“The craft brewing industry just topped 2,700 breweries and just reached an estimated usage of 1.3 pounds of hops per barrel at the end of 2013,” Evers said. “Some advice I would give to brewers is to develop personal relationships with growers and suppliers and visit their facilities during harvest to fully understand the amount of effort it takes to grow, pick, kiln-dry, bale, pelletize and process hops to be ready for the kettle.”
Creating a solid contract is key for any craft brewery. In fact, with no minimum quantity for a hop contract, Hopunion LLC goes as far as encouraging all breweries to contract their basic hop needs at least 12 years out.
“We only have to look back at 2007-2008 to see a time when brewers did not get hops because they didn’t have contracts. BSG encourages brewers to contract 100 percent in the current year, then maybe 80 percent for the following year, 60 percent for two years out …” — Sean McGree, hop specialist with BSG CraftBrewing“More than 90 percent of all breweries are contracted, some for as little as 88 lbs. In addition to ensuring supply for future needs, contracts act as an essential communication tool between hop growers and craft brewers,” Meyer said. “Our growers base acreage expansions on projected hop needs, as indicated through future contracts. Expansion is extremely expensive for hop farmers and, therefore, essential to understand. For this reason, we encourage hop contracts to help facilitate better communication, from farm to kettle.”
“I cannot emphasize enough the importance of hop contracts,” McGree echoed. “We only have to look back at 2007-2008 to see a time when brewers did not get hops because they didn’t have contracts. BSG encourages brewers to contract 100 percent in the current year, then maybe 80 percent for the following year, 60 percent for two years out, etc. As the brewer enters a new crop/brewing year, he or she simply needs to top up. This strategy can protect the hops required for flagship brands and provide flexibility for new varieties and new beers. The actual percentages are not important. Each brewer needs to set figures based on his or her own comfort levels.”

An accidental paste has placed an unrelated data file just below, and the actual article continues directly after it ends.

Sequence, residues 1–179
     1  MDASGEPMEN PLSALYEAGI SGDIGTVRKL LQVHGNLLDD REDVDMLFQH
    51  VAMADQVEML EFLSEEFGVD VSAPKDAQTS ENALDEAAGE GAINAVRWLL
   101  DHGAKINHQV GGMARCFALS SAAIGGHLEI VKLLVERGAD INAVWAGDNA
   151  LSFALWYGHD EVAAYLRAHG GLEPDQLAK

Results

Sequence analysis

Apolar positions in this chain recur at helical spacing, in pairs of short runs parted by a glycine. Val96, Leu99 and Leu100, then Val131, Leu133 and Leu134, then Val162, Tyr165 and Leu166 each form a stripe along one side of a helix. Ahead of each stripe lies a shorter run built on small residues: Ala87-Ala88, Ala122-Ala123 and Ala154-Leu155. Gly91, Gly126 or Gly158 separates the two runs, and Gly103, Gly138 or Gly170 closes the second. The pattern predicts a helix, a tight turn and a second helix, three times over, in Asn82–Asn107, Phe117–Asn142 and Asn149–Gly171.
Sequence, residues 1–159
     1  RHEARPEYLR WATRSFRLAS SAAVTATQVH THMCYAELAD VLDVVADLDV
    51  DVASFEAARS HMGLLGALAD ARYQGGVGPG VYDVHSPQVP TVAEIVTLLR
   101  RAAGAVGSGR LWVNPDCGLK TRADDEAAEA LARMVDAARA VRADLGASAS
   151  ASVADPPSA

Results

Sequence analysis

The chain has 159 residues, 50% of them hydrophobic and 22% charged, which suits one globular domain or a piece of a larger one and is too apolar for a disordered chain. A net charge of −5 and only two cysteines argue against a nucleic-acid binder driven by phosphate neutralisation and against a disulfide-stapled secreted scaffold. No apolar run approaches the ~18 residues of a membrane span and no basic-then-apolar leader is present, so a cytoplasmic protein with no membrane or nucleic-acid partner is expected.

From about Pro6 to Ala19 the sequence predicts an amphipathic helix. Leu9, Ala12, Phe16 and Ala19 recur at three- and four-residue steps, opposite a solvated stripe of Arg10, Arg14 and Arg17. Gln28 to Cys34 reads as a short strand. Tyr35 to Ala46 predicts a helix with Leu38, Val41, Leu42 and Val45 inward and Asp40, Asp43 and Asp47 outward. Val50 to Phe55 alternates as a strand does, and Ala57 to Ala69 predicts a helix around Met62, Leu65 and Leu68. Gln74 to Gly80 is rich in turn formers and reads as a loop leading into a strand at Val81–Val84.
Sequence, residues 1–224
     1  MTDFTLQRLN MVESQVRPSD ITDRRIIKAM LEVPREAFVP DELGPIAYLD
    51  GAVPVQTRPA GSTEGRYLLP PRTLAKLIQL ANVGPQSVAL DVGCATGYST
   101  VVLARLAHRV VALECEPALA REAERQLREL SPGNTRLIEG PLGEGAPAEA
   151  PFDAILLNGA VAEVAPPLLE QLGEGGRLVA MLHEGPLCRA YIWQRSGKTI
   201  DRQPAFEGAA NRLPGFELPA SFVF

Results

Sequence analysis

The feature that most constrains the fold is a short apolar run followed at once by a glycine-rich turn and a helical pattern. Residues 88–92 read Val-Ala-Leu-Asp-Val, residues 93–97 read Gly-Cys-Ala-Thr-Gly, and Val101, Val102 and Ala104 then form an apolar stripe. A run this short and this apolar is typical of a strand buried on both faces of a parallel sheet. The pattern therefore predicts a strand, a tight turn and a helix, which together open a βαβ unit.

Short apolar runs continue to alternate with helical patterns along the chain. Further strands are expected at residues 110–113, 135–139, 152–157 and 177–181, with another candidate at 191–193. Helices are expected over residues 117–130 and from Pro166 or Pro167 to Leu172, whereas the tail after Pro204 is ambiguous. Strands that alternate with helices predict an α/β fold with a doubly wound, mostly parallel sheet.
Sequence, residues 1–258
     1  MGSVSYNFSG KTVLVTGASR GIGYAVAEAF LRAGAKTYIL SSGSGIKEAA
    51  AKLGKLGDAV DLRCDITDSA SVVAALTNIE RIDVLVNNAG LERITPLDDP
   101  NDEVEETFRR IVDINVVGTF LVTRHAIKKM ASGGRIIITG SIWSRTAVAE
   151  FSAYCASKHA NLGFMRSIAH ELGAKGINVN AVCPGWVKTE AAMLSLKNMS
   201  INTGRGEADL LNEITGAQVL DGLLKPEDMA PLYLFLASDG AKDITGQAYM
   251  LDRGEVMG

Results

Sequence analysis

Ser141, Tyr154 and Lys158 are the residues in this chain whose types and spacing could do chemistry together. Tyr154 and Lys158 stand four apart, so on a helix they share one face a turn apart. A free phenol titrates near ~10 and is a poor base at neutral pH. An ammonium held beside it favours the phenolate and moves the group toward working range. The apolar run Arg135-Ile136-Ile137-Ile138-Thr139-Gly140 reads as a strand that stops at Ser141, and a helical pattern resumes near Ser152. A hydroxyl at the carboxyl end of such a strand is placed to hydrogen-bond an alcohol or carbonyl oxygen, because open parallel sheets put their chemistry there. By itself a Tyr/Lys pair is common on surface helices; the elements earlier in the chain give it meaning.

With that demand in mind, it’s a good idea, as a brewer, to remain flexible when creating beer recipes.
“In addition to capacity issues, mother nature has dramatically affected the last four hop crops,” McGree said. “Amarillo is a good example of a dependable variety that didn’t come close to normal production in 2011 and 2012. The shortages that occurred are well documented. Brewers should strive to have a good substitution strategy for all the varieties they purchase or, at a minimum, look at hop blends that will achieve a similar taste in the beer. Most importantly, contract for your hop needs to make sure your supply is protected.”
Variety is the spice of beers
As the industry grows, meeting the demand for hops remains a challenge for any size grower and/or distributor. “Acreage has expanded so quickly that growers now face picking and drying capacity issues,” BSG CraftBrewing’s McGree said. “I believe supply will continue to be tight for most varieties in 2014. Growers are searching for new acreage right now as plantings will begin around the first of March.”
What are the most in-demand varieties? Both Crosby Hop Farm’s Evers and Hopunion LLC’s Meyer reported that the most popular varieties in 2013 were: Cascade, Centennial, Chinook, Columbus, Citra® Brand HBC 394cv., Simcoe® Brand YCR 14 cv., Amarillo® VGXP01, Crystal, Willamette, Saaz and Golding. The proprietary hops — Citra® Brand HBC 394cv., Simcoe® Brand YCR 14 cv., Amarillo® VGXP01 — continue to be widely sought after hops, often outpacing supply. Additionally, Cascade, Centennial, Chinook, Columbus, Crystal, Willamette, Saaz and Golding have also enjoyed strong popularity.
“There are a lot of new and interesting aroma hops coming to market in the near future from both public and private breeding programs,” Evers said.
“Demand for aroma hops continues to rise across most every variety. In 2012, 41.6 percent of U.S. hop acreage was dedicated to aroma hops, 62.7 percent in 2013,” Meyers added. “Based on what we are seeing in the industry, this number will continue to grow in 2015 and beyond.”